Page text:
Bingham was, of course, better known as Lord Lucan and his account of events was a complete fabrication. Despite a long campaign to portray his wife as mentally ill and an unfit mother, Lucan had lost custody of the children to her in an acrimonious court case the previous year. It was he who had murdered the nanny, Sandra Rivett, mistaking her for his wife in the dark. He had then violently attacked Lady Lucan but she had put up a fight and escaped to a nearby pub to raise the alarm. He had driven, in a borrowed car, to East Sussex.
Having arrived at Grants Hill House at a late hour, Lucan could not be persuaded by Maxwell-Scott to stay the night and go to the local police in the morning. Instead, he drove away in the early hours saying that he had to get back to London. He did not arrive and the car was found three days later, abandoned in the Sussex port of Newhaven; Lucan was never seen again. He was declared dead in 1999 and a certificate was finally issued last year. There were countless theories and unconfirmed sightings before then: he jumped from a cross-channel ferry; he flew to France from a Kentish airfield; he lived out his days in the southern African country of Mozambique.
However, there is one theory that places Lucan’s demise closer to home. In the late 1990s, Sussex police received a series of anonymous phone calls from someone who said they had been in the grounds of Grants Hill House on the night of 7th November 1974. The witness claimed to have seen two men shoot a third and dump his body in a cesspit. The caller refused to make a proper statement and the information was not acted upon. As the house had been demolished and the grounds redeveloped in the 1980s, a search for remains would have been difficult; but it might be that Grants Hill House is not only the place of Lucan’s last sighting, but his last resting place.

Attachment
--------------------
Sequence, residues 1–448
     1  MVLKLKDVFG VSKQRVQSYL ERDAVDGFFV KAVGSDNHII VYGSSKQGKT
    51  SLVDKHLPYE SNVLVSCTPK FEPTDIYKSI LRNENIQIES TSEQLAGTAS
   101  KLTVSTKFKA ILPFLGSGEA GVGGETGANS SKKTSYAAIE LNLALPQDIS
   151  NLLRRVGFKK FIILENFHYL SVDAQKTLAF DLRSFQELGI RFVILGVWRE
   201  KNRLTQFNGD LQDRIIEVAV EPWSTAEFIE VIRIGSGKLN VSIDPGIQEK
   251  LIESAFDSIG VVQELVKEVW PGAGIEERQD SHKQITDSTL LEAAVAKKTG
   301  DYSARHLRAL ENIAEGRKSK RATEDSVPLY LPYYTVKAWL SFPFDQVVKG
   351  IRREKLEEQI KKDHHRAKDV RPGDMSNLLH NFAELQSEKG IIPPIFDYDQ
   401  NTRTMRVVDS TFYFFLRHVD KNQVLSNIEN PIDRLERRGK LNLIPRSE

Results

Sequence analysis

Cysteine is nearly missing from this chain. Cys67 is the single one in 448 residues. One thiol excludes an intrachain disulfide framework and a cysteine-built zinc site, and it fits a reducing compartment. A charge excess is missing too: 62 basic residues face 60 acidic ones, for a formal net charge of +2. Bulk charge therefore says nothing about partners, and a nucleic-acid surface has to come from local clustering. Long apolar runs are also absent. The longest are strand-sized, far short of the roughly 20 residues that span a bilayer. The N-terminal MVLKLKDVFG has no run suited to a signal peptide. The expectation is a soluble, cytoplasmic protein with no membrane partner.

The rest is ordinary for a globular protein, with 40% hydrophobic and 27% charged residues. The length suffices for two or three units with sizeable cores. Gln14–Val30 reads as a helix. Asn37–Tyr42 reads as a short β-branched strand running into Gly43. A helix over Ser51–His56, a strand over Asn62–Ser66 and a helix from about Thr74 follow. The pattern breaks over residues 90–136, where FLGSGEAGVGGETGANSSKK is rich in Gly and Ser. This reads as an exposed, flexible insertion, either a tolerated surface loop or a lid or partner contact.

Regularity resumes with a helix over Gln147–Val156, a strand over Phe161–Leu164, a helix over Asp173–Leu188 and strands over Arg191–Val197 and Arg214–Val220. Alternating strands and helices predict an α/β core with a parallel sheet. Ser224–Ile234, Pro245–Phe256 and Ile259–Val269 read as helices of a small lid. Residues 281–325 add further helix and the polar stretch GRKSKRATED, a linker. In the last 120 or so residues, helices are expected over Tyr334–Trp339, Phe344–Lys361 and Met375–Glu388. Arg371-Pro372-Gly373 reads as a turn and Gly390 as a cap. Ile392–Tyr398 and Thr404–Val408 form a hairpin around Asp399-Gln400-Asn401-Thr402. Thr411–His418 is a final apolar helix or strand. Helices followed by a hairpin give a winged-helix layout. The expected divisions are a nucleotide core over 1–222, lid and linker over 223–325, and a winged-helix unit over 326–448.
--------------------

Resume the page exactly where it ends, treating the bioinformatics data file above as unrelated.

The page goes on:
Thursday, November 23, 2017
Exactly a year ago, when I was writing about the obsolete word apricity - used to describe the warmth of the sun in winter - I was admonished by a correspondent who pointed out that, as meteorological winter did not begin for another week, I could not have felt the winter sun. My response was that there was frost on the ground, it was bloody cold and therefore, to my mind, it was winter and what little warmth the sun gave me was apricity.
Walking in the countryside around Alfriston yesterday, I could not make the same claim. Yes, the sun's rays were shining down but it did not feel at all like winter. With December just around the corner, it was a mild morning and, with the exception of the odd cold day, typical of how the weather has been for weeks, now. Worryingly, it is as if the climate became fixed in early October.
It all made for an idyllic walk as we left Waterloo Square in the centre of Alfriston and headed down to the Cuckmere River to follow its winding course away from the village and toward the sun. Apart from a cloud of smoke from a tree-feller's bonfire, the sky was clear blue and the gentle downland surrounding the valley a vivid green. This is the landscape that inspired the author Eleanor Farjeon to write the hymn Morning Has Broken in 1931; it could have been on such a day that she penned the line, "mine is the sunlight, mine is the morning".
Despite the weather putting a spring in our step, the path on the western bank was well trodden and muddy so, as we arrived at our turning point - the Litlington White Horse high above us on Hindover Hill - we crossed the river for the less heavy-going eastern side. The firmer ground underfoot and the sun at our backs both hastened our return to the village for a midday retirement to the pub.
Saturday, November 4, 2017